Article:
Scattergood Foundation

Advancing Innovative Strategies for Change in Behavioral Health

B Stigma-Free

Name of Innovative Program: 
B Stigma-Free
Sponsoring Organization
B Stigma-Free
Name of Innovative Program Lead: 
Loretta Jay, MA
E-mail Address of Innovative Program Lead: 
ljay@bstigmafree.org
Physical Address of Innovative Program: 
2490 Black Rock Turnpike #294, Fairfield, CT 06825
Project Description: 

Stigma and self-stigma impede people’s ability and willingness to acknowledge and receive help for their mental health needs. Stigma can lead to discrimination and isolation and interferes with a one’s ability to fully be a productive member of a community.

As a result of unmet mental health needs our communities are hurting: substance abuse, homelessness, incarceration, loss of employment, family dysfunction, school problems... B Stigma-Free™ aims to reduce this stigma by bringing mental health organizations together with other groups and organizations that focus on other identities.

Messaging about the needs of people with mental illness, including how stigma must be overcome, typically happens with like-minded audiences: preaching to the choir. B Stigma-Free™is bringing together divergent organizations, and focusing on what they have in common, the stigmatization of their target population. We are demonstrating the parallels between experiences: the stigma associated with a mental illness, weight bias, discrimination toward people with disease or disability, fear of acknowledging early signs of Alzheimer’s disease, opposition to gay and transgender rights, heightism, racism, sexism, etc. Using existing networks of communication, we are cross-pollinating the stigma-free message so it raises awareness among new audiences.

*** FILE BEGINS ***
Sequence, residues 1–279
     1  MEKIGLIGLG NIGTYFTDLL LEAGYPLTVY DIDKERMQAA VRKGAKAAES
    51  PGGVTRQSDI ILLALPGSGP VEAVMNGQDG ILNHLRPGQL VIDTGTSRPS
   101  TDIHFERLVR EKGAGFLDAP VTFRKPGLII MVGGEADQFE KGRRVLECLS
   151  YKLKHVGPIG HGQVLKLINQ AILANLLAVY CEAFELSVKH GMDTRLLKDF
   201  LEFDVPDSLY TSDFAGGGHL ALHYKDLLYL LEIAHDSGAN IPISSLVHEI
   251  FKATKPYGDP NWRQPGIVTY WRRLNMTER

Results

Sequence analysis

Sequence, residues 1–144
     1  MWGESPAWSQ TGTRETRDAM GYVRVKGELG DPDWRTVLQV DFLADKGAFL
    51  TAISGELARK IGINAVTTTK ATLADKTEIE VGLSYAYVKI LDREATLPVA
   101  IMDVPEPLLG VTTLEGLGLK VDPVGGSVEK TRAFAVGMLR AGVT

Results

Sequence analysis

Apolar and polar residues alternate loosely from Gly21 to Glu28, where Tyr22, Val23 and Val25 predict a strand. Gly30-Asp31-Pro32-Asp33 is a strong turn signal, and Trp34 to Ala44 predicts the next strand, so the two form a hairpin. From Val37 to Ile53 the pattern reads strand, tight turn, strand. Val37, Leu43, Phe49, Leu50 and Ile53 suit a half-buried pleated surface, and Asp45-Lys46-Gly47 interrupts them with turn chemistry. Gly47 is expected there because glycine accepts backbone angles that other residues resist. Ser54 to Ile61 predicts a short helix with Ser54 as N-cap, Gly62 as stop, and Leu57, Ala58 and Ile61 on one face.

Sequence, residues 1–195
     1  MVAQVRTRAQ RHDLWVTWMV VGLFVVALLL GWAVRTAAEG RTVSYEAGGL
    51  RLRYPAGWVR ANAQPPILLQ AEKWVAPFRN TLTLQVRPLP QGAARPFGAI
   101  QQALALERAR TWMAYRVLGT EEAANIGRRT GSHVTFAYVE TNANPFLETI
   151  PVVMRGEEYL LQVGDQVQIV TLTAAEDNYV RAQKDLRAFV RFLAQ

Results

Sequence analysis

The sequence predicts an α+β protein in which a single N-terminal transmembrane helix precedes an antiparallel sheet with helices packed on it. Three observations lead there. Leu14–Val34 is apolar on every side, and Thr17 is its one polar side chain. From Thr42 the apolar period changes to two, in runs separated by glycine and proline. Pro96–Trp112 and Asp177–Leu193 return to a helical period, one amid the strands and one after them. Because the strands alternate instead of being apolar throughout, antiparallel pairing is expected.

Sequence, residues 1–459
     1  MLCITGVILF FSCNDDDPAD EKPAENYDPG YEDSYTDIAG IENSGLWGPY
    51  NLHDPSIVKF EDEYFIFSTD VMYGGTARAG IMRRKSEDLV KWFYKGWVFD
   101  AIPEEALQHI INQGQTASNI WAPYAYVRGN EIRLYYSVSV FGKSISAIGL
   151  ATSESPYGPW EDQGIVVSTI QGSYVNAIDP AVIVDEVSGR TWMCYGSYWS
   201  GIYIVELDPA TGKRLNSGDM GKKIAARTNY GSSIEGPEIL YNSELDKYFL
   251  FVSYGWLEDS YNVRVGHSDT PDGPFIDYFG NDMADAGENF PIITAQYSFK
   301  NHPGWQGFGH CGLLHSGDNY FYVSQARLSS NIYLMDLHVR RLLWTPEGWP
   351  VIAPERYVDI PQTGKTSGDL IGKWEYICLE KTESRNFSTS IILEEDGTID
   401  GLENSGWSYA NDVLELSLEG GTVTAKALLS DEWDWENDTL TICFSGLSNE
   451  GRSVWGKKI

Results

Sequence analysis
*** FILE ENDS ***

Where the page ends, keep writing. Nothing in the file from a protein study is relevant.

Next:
Creativity and Innovation: 

B Stigma-Free™is doing what no other organization is doing: bringing together organizations that focus on mental health with others that focus on different identities to help illustrate the similarities between them.

We are helping people recognize the parallels between different experiences, and work together to cross-pollinate the message between the various groups. While there are many mental health organizations doing an excellent job addressing mental health needs and the stigma associated with mental illness, none is addressing the intersectionality between mental illness and other identities as part of its core-messaging. We are maximizing resources by using existing systems and networks to simultaneously build collaborations nationally, and on a local, grassroots level. These local and national partnerships are the framework to encourage conversations and raise awareness of behavioral health as a public health concern. 

Leadership: 

Through collaboration, we are changing how mental illness is perceived in the community. Our inclusive model encourages participation by all mental health organizations, and other groups who represent different stigmatized identities, to share in an understanding and a practice of supporting all people to feel respected.

While now on a small scale, we intend to grow our ongoing invitation to national stakeholders to identify their needs and wants, in order to reach a broader audience. The outcome will be an ongoing collaboration of thought-leaders in the fields of mental health and other areas, with the shared goal of innovative methods of achieving care and inclusion for all people.